Clearly, money shouldn’t really be the problem to fund good research. The problem is that all the people who have that kind of money want even more of it, and as close to a good story you can come up with of how you will make them more money if they lend you theirs. And that is incompatible with what researchers need to do good work. And that is essentially the main story I get out of pretty much every Alan Kay presentation in the last two decades. So I think he would agree that, yes, as a society we are unable to fund this. For pretty stupid reasons.

(Christopher Alexander tells an analogous story about contemporary architecture, which also has chosen to follow different norms and values and to no longer care about what Alexander thinks should be the priority — designing spaces that serve the communities that live in them. Instead, architects care about how their skyscraper helps define the skyline of a city and makes them and their architecture firm famous and prosperous.)

Andreas S. 2024-03-09 16:43:38

I just read through the HN, some people in the thread claim to have a STEPS system running: it’s almost tempting to try to bring this back to a bigger audience.

Stefan Lesser 2024-03-09 16:58:50

Yes, that would be great! And it should be possible. I read a lot of the VPRI papers and even if they are more abstract and there’s little source code available, the concepts are pretty solid and there are enough clever people out there who could certainly “fill in the blanks”.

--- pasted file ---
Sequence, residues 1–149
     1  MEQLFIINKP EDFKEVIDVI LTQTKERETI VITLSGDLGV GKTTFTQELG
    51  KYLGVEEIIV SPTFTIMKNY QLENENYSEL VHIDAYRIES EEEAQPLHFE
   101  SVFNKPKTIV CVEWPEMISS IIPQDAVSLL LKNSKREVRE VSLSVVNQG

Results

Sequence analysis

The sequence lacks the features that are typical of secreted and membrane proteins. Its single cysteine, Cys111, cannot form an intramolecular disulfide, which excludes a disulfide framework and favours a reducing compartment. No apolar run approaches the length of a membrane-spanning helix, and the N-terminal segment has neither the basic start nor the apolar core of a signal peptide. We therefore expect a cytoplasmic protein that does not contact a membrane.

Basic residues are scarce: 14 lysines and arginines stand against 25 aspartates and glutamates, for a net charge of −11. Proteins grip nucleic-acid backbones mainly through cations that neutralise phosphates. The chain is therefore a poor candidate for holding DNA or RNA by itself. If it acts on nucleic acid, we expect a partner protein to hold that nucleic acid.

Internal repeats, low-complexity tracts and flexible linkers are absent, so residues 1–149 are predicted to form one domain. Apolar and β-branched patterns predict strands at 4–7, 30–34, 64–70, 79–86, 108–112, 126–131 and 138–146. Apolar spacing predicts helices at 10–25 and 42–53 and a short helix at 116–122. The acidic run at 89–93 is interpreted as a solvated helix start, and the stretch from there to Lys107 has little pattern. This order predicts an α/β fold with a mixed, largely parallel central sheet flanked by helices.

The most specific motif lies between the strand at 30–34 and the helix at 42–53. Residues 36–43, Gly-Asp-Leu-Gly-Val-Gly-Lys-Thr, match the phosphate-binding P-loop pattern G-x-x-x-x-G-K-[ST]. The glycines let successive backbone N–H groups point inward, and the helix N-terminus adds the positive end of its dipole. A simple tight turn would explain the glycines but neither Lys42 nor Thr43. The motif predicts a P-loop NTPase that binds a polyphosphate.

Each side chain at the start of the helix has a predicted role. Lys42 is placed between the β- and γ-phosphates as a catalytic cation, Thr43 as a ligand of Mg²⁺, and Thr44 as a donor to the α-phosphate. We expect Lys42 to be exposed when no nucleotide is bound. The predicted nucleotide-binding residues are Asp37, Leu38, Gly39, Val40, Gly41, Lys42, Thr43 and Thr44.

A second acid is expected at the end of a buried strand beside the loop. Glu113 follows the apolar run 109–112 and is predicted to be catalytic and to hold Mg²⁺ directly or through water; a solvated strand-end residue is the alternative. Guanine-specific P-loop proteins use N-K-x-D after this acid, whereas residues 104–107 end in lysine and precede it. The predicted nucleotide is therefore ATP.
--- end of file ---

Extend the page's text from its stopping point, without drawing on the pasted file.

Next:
What I would like to see even more is that thinking that motivated STEPS, the economy of creating something incredibly useful with orders of magnitude less complexity, and not being afraid to reinvent some of the foundations, spread to more projects. Instead of just taking what we are given, in the form of existing platforms, libraries and frameworks, and exclusively trying to innovate on top of them.

Stefan Lesser 2024-03-10 20:48:28

📝 What does Alan Kay think independent researchers in computing should do for money if commercialization was part of the problem? What if "...

Answer: I don’t know. There is no lack of money, especially when one looks at what the computer part of Xerox Parc cost, or even what the ARPA-IPTO community cost.

In my own experience, I and the other researchers within ARPA/ONR/Parc, etc knew we were in a wonderful situation. Our appreciation ...

Oleksandr Kryvonos 2024-03-10 21:04:38

I watched huge number of Alan Kay talks and this one is just repetition of what he said before…

Stefan Lesser 2024-03-07 11:01:32

The problem with AI (and technology in general) in one slide:

Screenshot 2024-03-07 at 10.58.15.png

Kartik Agaram 2024-03-08 05:09:20

Carrying the torch of Ivan Sutherland's Sketchpad

Joshua Horowitz 2024-03-08 18:38:02

are there ways you see solvespace carrying this torch more than other CAD systems?

Kartik Agaram 2024-03-09 01:01:06

Nope, I'm not familiar with the space! Just saw the demo on the site.

Kartik Agaram 2024-03-09 02:16:32

Joshua Horowitz I'd love to hear about other alternatives you like or use. I'm just starting to get interested in this space.

Mariano Guerra 2024-03-08 13:24:32

HN conversation about flyde: Open-source, visual programming for developers. Includes VS Code extension, integrates with existing TypeScript code, browser and Node.js

Mariano Guerra 2024-03-08 13:47:03